If you haven’t relapsed and your cravings are under control, it may be safe for you to continue your recovery from opiate addiction without the help of medication. Talk to your doctor about your desire to quit Suboxone before taking action on your own. The initial period after stopping Suboxone is notoriously difficult; it takes about this long for the regions of your brain in charge of opiate cravings to ditch the addiction and return to a somewhat normal state.

That being said, most health professionals will recommend that you continue your long-term Suboxone treatment. Recovery is never over, and every treatment strategy that allows you to maintain a stable, healthy lifestyle helps.

Inpatient Rehab Treatment Facility

Suboxone is intended to be used as part of a long-term comprehensive opiate addiction treatment program. The prescription alone is not enough to safely recover from an opiate use disorder (OUD) and protect against relapse. Inpatient rehab or residential treatments combine medication-assisted treatment (MAT) with holistic therapy and a structured, isolated environment to facilitate a successful recovery from an opiate use disorder. By combining these elements, inpatient programs have become the most successful treatment for opiate addiction.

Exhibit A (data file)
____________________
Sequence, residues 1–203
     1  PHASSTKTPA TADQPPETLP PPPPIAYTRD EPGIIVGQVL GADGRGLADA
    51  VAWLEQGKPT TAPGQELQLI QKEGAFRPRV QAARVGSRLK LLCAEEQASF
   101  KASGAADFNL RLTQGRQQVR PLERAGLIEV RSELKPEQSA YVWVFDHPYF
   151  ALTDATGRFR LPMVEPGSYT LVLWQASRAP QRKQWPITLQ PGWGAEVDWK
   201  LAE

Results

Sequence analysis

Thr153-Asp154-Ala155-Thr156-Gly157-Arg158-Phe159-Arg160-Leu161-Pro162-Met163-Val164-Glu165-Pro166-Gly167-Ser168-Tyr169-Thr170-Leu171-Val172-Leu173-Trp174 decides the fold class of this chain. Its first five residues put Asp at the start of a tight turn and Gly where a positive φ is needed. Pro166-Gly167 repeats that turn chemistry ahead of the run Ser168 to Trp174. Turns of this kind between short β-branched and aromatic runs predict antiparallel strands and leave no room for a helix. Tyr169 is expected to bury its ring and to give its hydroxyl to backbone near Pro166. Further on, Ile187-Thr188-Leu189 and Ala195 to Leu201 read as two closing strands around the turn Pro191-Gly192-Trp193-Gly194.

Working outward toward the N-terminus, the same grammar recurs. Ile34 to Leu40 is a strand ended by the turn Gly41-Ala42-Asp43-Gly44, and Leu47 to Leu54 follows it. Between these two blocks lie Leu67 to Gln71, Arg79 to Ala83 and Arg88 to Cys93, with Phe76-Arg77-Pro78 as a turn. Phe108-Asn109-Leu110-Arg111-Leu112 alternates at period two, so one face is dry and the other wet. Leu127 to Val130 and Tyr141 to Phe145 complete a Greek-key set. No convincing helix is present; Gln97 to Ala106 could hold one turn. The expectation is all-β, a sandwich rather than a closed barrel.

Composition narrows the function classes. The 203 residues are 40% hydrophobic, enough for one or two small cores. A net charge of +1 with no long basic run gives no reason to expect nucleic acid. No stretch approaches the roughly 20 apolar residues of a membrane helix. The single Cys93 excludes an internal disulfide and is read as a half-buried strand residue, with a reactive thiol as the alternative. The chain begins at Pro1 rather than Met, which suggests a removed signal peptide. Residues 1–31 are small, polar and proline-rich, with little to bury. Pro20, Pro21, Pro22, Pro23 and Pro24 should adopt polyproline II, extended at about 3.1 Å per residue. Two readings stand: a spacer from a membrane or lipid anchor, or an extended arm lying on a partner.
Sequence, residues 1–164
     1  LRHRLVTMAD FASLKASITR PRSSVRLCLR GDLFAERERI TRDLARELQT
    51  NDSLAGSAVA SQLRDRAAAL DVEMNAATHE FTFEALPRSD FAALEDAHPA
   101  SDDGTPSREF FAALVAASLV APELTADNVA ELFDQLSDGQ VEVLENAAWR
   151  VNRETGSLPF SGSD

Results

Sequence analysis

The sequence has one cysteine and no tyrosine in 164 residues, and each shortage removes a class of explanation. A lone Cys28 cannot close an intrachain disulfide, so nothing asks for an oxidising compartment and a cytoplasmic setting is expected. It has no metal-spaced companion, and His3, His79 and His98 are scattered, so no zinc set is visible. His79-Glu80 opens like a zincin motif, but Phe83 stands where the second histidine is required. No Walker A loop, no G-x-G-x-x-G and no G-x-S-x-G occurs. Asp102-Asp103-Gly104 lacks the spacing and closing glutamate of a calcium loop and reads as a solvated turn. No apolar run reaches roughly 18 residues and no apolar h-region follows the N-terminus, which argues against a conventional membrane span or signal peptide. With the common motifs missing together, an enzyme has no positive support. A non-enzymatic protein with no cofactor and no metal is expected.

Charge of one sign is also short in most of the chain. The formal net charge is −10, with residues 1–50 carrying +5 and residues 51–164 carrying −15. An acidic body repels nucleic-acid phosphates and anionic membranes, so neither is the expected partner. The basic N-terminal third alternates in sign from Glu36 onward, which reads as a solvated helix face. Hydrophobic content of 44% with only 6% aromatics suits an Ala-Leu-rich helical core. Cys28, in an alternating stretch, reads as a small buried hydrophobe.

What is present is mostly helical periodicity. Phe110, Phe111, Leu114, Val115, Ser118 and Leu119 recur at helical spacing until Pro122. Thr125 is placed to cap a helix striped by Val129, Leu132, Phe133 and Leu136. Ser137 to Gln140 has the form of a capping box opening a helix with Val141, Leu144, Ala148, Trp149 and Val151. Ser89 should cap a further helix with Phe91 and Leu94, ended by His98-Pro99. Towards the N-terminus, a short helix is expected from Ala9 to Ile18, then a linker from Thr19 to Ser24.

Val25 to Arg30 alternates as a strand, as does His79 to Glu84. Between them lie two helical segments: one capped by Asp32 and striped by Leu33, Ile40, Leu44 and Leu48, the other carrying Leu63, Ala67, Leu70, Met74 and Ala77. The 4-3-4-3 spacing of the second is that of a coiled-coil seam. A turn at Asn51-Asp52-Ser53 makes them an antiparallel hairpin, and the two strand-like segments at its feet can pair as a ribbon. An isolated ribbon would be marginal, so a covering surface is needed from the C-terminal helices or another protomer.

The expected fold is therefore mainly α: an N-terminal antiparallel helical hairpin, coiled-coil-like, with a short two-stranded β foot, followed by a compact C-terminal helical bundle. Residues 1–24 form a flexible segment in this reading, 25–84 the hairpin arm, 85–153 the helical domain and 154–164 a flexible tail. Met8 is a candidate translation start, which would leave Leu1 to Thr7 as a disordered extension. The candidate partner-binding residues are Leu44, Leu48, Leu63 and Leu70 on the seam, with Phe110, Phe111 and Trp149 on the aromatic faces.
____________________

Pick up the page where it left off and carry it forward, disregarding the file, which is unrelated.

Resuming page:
Medication-Assisted Treatment

MAT is available for those who need extra support after quitting Suboxone. Prescriptions like clonidine or Zofran reduce withdrawal symptoms such as nausea, while Tylenol or aspirin reduces pain during the detox without the use of an opiate analgesic.

If you are worried about your chronic pain returning after you stop taking Suboxone, schedule a visit with a pain management specialist to figure out a non-opiate treatment plan that works best for you.

Managing Complications

Your best course of action for OUD recovery is to seek help from a professional Suboxone detox center where the staff is trained to know the appropriate taper dose to use, what to do in the case of side effects, and how to handle adverse reactions.

There are a few serious medical complications associated with Suboxone detox: